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After 2 hours, it was time to clean up the mess. A fun time was had by all. But unless I get a lot more practice, I think my dream of making my own yarn bowl might be deferred at this point. I have a second class in hand thrown pottery at the same studio the following week. Maybe I’ll have an easier time there.
Meanwhile I’ll leave you a video for one of the experts to show you how it’s supposed to be done.

Finished projects

Look what I’ve made over the past couple of weeks…

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I posted about this project a few months ago while a work in progress that’s finally done. Actually, I finished it a long time ago, but somehow never got around to finishing off the seam.

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The original pattern I think was made with a softer yarn so it doesn’t lay as flat. The wool is a little bit scratchy at the moment, hopefully it will soften after I wash it & look forward to wearing it when cold weather returns.

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One of my aims was to get back into doing some crocheting this year and I did with this pattern I found on Ravelry. I used some thick Lion Brand wool yarn I bought at Michael’s a few years ago that I couldn’t quite find the right pattern for.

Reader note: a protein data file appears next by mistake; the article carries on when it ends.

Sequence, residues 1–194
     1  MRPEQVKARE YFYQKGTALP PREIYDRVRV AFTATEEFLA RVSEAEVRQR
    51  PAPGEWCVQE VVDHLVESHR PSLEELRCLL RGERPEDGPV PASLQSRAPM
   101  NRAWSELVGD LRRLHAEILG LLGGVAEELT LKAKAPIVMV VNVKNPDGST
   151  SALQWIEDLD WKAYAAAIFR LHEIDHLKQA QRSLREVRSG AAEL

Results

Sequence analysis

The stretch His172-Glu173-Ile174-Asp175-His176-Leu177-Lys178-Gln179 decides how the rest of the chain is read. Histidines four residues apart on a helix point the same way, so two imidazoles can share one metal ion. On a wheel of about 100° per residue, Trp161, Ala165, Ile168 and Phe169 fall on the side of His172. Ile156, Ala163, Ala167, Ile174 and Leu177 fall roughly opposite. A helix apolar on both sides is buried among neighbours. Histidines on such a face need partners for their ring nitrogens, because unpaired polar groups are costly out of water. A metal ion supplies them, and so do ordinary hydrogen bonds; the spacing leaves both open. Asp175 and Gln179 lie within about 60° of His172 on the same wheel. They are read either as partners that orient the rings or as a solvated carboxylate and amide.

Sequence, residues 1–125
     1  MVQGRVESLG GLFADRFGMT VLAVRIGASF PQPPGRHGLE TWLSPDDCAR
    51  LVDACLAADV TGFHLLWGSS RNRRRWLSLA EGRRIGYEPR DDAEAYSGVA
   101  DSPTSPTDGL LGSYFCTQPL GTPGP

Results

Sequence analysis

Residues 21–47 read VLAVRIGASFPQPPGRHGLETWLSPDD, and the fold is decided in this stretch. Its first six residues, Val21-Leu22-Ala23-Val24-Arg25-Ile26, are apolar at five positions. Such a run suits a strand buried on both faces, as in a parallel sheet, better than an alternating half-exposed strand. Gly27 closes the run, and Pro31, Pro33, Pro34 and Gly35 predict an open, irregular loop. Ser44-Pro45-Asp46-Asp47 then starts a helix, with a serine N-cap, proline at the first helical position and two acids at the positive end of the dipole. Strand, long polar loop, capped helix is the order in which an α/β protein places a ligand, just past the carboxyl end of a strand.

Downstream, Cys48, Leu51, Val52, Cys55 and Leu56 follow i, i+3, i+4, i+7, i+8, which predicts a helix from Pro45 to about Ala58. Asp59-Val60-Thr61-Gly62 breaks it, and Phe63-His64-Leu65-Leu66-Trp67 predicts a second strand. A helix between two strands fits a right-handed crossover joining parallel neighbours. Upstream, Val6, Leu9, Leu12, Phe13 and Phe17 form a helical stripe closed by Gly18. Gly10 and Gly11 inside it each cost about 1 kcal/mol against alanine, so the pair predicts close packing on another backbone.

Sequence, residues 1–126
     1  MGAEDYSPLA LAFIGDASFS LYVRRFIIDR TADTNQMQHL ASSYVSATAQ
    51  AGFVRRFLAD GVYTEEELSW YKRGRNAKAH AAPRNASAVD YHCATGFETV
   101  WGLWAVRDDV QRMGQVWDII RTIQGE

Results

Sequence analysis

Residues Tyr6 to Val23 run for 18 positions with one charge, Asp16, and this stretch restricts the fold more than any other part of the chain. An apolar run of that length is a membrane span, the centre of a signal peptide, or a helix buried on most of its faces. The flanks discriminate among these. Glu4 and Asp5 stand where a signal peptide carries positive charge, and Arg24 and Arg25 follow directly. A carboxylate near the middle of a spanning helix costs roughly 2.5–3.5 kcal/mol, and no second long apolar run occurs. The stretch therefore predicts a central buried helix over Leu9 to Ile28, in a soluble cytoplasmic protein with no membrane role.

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This will be perfect for those really cold days. It’s so thick I will have to wear it outside my coat. Still have some leftover yarn, maybe enough to make a matching hat.

This baby blanket was made at the request of a coworker who was pregnant. It’s another pattern I found on Ravelry, it’s a pretty design & the ease of the pattern directions made this a relatively quick knit. I didn’t finish knitting in time before she had the baby and it still needs blocking but since it’s acrylic, and machine washable, though I would not advise it with this pattern, she’ll still get plenty of use out of it when she receives it.

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close up of pattern:

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Next up, I’ll be attempting to make pottery, and soon I’ll take a stab at spinning my own yarn. And of course, I’ll still be knitting and crocheting in between.